day 6: Byron – Wooyung

jewel of the north coast


16th Jan 11; 6:50am(dep)/11:00am(arr)
47.4 km (dist); 2h 21m (saddle);
20.1 kph (av); 54 kph (max);
353.6 km (tot)

The long ride in company had made companions of our minds and bodies. The hazardous goal was in our thoughts, day and night; consciously and unconsciously we were training ourselves; reducing our wills to the single purpose which oftenest engrossed these odd moments of talk about an evening fire. And we were so musing while the coffee-maker boiled up his coffee, tapped it down again, made a palm-fibre mat to strain it before he poured (grounds in the cup were evil manners), when there came a volley from the shadowy dunes east of us and one of the Ageyl toppled forward into the centre of the firelit circle with a screech.” 7POW;ch45


An early start in Bryon. At breakfast Scott explains the advantages of maintaining our cadence at iambic pentameter.

In a reversal of Steven Hawking theory, turtles are seen to be not holding up the world, but vice versa:

Mullumbimby 2nd breakfast (“Paddle harder, I hear banjos”):

This bridge is a lot trickier than it looks.

With cows like these, there must be a chocolate factory nearby:

Nice mailbox:

Wooyung, the only beach bush camp ground left on the NSW coast?

Lots of Water Dragons:

The beach looking north:

The beach looking south (Wendy & James):

The beach looking straight ahead (Ian):

Awad was a ragged, brown-skinned lad of perhaps eighteen, splendidly built, with the muscles and sinews of an athlete, active as a cat, alive in the saddle (he rode magnificently) and not ill-looking, though with something of the base appearance of the Sherarat…” 7POW; ch72.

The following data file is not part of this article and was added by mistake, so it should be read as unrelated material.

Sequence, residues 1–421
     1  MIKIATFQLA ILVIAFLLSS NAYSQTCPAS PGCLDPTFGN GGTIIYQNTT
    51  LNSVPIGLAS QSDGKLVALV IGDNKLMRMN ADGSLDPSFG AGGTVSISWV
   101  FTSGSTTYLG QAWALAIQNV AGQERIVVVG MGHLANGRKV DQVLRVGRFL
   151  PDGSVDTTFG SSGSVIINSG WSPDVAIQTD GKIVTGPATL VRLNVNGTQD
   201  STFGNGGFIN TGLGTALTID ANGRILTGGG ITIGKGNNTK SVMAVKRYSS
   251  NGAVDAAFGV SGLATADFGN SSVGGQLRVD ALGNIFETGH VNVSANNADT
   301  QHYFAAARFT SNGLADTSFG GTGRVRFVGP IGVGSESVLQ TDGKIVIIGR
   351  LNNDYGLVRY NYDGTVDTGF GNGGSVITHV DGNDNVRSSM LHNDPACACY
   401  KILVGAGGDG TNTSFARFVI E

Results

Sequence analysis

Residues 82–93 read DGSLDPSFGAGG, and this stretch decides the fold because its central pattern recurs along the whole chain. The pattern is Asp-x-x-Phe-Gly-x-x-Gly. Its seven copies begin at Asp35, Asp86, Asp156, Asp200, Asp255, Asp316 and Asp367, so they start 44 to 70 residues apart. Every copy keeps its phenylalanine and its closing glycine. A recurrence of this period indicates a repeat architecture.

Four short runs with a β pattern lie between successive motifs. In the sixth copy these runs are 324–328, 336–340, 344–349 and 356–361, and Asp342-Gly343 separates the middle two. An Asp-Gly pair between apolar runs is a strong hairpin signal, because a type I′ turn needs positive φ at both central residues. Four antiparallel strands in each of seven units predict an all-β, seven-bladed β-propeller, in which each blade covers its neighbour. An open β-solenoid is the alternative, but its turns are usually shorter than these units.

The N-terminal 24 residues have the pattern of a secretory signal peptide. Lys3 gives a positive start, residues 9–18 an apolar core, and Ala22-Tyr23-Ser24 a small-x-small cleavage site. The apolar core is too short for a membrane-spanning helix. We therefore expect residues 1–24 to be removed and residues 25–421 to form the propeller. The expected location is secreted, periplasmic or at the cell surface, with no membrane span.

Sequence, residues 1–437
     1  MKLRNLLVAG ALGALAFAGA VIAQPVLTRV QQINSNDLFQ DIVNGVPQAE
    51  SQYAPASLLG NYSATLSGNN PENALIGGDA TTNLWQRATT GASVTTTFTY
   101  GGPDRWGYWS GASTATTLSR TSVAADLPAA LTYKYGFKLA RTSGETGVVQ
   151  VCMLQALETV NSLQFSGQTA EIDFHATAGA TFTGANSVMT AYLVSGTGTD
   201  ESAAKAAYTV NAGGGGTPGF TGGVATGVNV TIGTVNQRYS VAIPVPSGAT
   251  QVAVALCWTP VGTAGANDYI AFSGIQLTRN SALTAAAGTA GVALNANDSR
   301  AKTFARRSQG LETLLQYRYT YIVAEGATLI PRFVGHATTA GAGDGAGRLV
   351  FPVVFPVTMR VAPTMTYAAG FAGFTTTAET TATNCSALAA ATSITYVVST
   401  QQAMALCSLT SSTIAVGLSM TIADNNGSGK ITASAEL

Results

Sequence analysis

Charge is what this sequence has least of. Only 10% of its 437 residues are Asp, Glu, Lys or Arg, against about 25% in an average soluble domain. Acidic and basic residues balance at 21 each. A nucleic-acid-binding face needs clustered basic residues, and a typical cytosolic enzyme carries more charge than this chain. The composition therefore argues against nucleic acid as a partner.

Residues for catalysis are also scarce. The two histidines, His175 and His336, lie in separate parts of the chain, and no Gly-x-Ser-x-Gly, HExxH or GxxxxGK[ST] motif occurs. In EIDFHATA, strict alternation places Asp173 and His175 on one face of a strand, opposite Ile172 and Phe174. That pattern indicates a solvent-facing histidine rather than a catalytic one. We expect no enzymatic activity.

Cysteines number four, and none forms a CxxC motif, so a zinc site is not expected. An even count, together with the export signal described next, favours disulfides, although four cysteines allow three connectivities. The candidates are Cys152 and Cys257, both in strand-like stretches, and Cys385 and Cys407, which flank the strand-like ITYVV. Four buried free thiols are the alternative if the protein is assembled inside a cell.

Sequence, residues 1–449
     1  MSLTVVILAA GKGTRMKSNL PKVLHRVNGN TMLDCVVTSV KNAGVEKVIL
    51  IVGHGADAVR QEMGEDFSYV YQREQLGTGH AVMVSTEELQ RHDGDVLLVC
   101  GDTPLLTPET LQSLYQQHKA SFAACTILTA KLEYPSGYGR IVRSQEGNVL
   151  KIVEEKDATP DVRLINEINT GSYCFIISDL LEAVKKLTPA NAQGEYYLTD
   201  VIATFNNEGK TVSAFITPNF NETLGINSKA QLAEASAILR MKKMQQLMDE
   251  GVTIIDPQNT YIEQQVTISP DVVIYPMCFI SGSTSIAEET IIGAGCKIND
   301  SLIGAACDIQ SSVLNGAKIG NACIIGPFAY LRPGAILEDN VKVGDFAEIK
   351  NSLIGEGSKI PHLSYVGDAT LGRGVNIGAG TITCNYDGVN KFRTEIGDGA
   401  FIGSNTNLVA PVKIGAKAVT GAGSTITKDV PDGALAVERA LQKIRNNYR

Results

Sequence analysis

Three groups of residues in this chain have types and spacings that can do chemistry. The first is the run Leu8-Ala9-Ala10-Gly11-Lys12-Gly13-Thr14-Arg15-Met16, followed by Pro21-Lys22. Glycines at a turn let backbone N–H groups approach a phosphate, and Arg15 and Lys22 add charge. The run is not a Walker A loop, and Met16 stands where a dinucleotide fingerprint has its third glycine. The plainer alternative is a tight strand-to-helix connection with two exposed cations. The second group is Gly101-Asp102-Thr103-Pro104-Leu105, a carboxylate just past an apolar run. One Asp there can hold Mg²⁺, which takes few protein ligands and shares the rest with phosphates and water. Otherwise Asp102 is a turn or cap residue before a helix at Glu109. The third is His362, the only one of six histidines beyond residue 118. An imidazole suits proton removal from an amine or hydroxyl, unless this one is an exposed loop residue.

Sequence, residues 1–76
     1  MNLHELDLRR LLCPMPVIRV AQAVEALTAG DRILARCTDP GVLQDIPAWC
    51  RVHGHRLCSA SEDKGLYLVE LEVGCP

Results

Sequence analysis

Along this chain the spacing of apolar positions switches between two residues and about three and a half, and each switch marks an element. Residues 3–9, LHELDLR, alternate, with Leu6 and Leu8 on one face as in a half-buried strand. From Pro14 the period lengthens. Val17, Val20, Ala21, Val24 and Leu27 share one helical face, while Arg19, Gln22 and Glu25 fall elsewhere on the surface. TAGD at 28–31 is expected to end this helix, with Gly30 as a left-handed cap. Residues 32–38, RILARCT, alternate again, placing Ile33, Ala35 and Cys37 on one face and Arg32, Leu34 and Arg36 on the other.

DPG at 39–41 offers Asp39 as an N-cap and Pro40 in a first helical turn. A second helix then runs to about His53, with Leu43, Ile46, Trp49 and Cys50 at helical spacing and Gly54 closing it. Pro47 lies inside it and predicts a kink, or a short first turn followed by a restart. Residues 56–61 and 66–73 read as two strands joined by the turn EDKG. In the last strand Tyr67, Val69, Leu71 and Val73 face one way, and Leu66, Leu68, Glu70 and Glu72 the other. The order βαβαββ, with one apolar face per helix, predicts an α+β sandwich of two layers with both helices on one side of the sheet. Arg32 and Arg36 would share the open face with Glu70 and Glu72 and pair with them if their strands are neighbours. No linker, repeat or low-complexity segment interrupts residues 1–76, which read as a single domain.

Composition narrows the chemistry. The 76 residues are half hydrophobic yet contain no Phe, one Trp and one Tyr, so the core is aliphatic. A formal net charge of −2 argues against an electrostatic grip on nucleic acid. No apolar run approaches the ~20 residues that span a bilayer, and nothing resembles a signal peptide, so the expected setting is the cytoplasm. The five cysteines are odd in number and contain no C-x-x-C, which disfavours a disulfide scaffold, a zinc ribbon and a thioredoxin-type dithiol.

Advertisements
This entry was posted in en tour. Bookmark the permalink.

One Response to day 6: Byron – Wooyung

  1. las artes says:

    We circled round Aba el Lissan to make sure that the Turks were in seemly idleness, for they had a habit of rushing a mounted patrol over the Batra sites at sudden notice, and I had no mind to put our party into unnecessary action yet. Awad was a ragged, brown-skinned lad of perhaps eighteen, splendidly built, with the muscles and sinews of an athlete, active as a cat, alive in the saddle (he rode magnificently) and not ill-looking, though with something of the base appearance of the Sherarat, and in his savage eye an air of constant and rather suspicious expectancy, as though he looked any moment for something new from life, and that something not of his seeking or ordering, nor wholly grateful.

Leave a Reply

Fill in your details below or click an icon to log in:

WordPress.com Logo

You are commenting using your WordPress.com account. Log Out / Change )

Twitter picture

You are commenting using your Twitter account. Log Out / Change )

Facebook photo

You are commenting using your Facebook account. Log Out / Change )

Google+ photo

You are commenting using your Google+ account. Log Out / Change )

Connecting to %s